WINNSBORO — Should workplace investigations be kept confidential? Thanks to the efforts of Fairfield County Chamber of Commerce President Terry Vickers, local businesspeople received a briefing on that topic from David Dubberly with Nexsen Pruet, LLC.
That firm gives employment law speeches throughout the state, but it had been nearly eight years since they last were in Fairfield.
At a March breakfast meeting held at the Midlands Technical College Quickjobs Center, Dubberly explained a radical change with the National Labor Relations Board, that 99 percent of all private employers no longer can tell as a matter of policy that a workplace investigation must remain confidential.
That change applies to unionized and non-unionized labor. Cases involving wage and hour laws, sexual harassment, alleged theft, etc., are covered.
The NLRB is staffed by lawyers who are sympathetic with labor unions right now, according to Dubberly, so businesses have to adjust to the policy change.
In certain instances, it might be permitted to keep cases confidential to keep people from getting their story straight ahead of a deposition or trial. However, the EEOC still requires that sexual harassment cases be kept as confidential as possible regardless of the new NLRB rulings.
Employee handbooks, confidentiality provisions and social media policies must reflect this change. An employer cannot keep an employee from criticizing said employer on Facebook or social media.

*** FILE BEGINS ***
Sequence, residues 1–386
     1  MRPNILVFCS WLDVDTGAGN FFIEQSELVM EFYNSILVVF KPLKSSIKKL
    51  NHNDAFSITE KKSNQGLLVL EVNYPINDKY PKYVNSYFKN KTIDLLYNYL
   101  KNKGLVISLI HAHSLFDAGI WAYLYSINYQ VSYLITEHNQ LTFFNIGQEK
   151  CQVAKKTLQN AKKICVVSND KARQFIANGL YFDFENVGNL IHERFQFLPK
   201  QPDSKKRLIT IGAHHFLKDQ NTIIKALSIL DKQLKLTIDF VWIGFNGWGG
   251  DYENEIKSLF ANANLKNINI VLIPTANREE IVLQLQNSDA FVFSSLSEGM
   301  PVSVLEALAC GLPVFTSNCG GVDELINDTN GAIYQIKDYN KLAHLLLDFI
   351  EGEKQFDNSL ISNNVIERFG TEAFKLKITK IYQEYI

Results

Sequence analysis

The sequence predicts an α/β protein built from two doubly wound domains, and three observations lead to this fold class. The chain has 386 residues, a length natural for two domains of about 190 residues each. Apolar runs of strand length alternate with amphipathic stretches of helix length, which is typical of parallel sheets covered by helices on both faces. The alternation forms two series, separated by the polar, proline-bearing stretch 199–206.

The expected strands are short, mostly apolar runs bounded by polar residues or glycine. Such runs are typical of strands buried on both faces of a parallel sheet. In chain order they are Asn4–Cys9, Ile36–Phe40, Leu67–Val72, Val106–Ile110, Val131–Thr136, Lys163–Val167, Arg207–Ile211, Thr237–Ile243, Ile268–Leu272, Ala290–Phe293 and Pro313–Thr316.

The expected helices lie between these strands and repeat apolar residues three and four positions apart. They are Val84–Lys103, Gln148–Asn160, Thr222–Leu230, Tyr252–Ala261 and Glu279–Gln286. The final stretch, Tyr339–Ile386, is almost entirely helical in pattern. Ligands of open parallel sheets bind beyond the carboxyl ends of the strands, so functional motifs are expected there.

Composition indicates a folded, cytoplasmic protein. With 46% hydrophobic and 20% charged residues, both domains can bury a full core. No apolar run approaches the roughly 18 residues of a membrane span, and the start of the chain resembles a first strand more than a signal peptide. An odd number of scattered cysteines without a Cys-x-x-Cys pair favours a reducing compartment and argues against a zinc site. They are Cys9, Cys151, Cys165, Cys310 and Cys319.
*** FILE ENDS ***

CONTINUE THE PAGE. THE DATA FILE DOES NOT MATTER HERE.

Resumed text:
Dubberly said his practice has noticed an increase in retaliation claims against employers and that some employees have an uncanny knack for knowing when they are about to be laid off or fired. That subgroup would then make a complaint and then the pending investigation would either allow that employee to remain on the job a while longer or it would set that employee up with a case to later accuse the company of retaliating against them and firing them for their complaint.
A thorough investigation of all complaints is a proactive way businesses can combat retaliation cases, which have increased 60 percent in just five years according to the U.S. Equal Employment Opportunity Commission.
If a complaint is filed, then a business and small business should notify its accountant, lawyer and its EPLI insurance carrier. A small business investigation can be headed up by an HR manager or the industry head. It might be prudent to contact the attorney general’s office, especially if the business is a public agency. Dubberly said lawyers can and do help state agencies who encounter such sticky situations.
When conducting an investigation, say into sexual harassment, the investigator should interview the complainant first and then other people if needed before interviewing the alleged harasser last. Ideally there should be a witness to each interview.
There is no legal requirement of how to conduct an investigation, but Dubberly said it is a good idea to have an official policy for investigations.He advised that each person interviewed during an investigation be required to sign a summary statement of the interview and what was said there. Ideally this summary should be completed within two days of the interview.
The final advice presented was that an employer should never terminate someone within six months of that person filing a complaint unless the employer has received legal advice that termination is appropriate.